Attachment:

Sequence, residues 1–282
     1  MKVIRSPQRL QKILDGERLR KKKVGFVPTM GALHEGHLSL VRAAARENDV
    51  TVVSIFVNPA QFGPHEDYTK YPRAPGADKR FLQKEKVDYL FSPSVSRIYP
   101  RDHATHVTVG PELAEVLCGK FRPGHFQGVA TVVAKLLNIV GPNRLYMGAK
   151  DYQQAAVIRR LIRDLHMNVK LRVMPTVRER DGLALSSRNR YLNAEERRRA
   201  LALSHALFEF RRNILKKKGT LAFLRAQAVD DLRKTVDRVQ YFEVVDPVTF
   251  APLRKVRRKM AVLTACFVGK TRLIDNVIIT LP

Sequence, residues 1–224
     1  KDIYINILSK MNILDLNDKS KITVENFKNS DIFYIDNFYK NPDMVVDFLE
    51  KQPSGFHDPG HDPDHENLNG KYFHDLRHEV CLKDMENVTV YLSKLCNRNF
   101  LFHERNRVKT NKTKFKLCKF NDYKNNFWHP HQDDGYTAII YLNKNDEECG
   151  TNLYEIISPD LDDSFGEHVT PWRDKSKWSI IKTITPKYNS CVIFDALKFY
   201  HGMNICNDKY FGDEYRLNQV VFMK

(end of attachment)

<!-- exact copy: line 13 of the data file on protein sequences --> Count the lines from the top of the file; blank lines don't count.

   201  HGMNICNDKY FGDEYRLNQV VFMK